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Home > Recovery > Conditions > Relationship Violence

Relationship Violence


 

Seeking help when you’re involved in a violent relationship is the bravest and most loving thing you can do for yourself. Refusing to get help means you are willing to sacrifice your life and your happiness for someone else’s mistakes.

It’s easy to get trapped in a violent relationship. In fact, according to www.thehotline.org, 24 people per minute are victims of rape, physical violence or stalking by an intimate partner in the United States. That translates to an astonishing 12 million-plus men and women a year dealing with relationship violence. The statistics for psychological aggression, also known as verbal abuse, are just as staggering. Anytime one partner uses abusive behavior to maintain power and control over the other it is considered domestic abuse. Feeling afraid or uncomfortable in your relationship is the loudest signal that unhealthy patterns are already present.

Red-flag questions that signal you or someone you know may be dealing with relationship violence:

  • Does your partner make you feel uncomfortable or afraid?
  • Does your partner like to tease in hurtful ways, then shrug it off as a “joke” or complain that you are “too sensitive” if you get upset?
  • Does your partner have a habit of calling you “stupid” or “bitch”?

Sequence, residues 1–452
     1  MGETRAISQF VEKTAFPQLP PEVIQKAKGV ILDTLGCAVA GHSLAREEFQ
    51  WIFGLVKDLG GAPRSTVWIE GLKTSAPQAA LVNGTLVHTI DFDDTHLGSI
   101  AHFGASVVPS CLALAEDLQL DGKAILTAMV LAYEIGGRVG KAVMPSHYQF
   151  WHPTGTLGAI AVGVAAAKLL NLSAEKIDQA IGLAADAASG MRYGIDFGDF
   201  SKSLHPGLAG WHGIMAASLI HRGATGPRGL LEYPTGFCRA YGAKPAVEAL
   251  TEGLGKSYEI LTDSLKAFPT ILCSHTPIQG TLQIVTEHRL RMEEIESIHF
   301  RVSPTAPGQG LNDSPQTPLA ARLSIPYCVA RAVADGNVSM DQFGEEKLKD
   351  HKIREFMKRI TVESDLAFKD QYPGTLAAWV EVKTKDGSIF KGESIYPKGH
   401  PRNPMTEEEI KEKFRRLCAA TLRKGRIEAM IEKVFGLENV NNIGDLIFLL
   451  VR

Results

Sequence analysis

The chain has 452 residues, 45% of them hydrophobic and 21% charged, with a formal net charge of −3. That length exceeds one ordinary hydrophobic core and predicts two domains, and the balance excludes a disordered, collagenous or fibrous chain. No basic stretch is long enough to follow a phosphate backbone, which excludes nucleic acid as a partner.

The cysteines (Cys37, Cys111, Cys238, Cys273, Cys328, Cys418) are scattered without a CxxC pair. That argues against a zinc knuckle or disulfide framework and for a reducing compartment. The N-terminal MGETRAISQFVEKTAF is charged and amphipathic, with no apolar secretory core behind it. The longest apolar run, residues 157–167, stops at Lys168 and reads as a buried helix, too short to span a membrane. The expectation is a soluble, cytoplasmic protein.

• Is your partner jealous or suspicious of your social friends or co-workers, often insisting that you not be near them?
  • Does your partner check up on you by calling frequently or driving by your workplace?
  • Does your partner blame you for his or her bad moods?
  • Does your partner keep money from you?
  • Does your partner force you to have sex when you don’t want to or in ways that offend you?
  • Does your partner make threats if you talk about leaving?
  • Does your partner coerce you to drink and take drugs?
  • Does your partner insist that you stay at home when you’d rather be visiting friends or family?
 
 
Your relationship should be a safe haven, not a battlefield. The world is hard enough already.
— livelifehappy.com
 
 
Understanding the difference between healthy striving and perfectionism is critical to laying down the shield and picking up your life. Research shows that perfectionism hampers success. In fact, it’s often the path to depression, anxiety, addiction, and life paralysis.
— Brené Brown, The Gifts of Imperfection
 
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Seek help now because over time, these controlling patterns will only worsen and increase.

Everyone, including you, deserves a better choice than to be held captive to someone’s anger and control. The team at CAST Centers is ready and willing to help you break the cycles of violence that are hampering your life. Using a variety of exercises and modalities to support the CAM program, trained facilitators will help you develop the life skills, internal focus, and powerful transformational tools to create a happier, safer life. Learn what healthy relationships look like and start living a life built on safety, security, and support.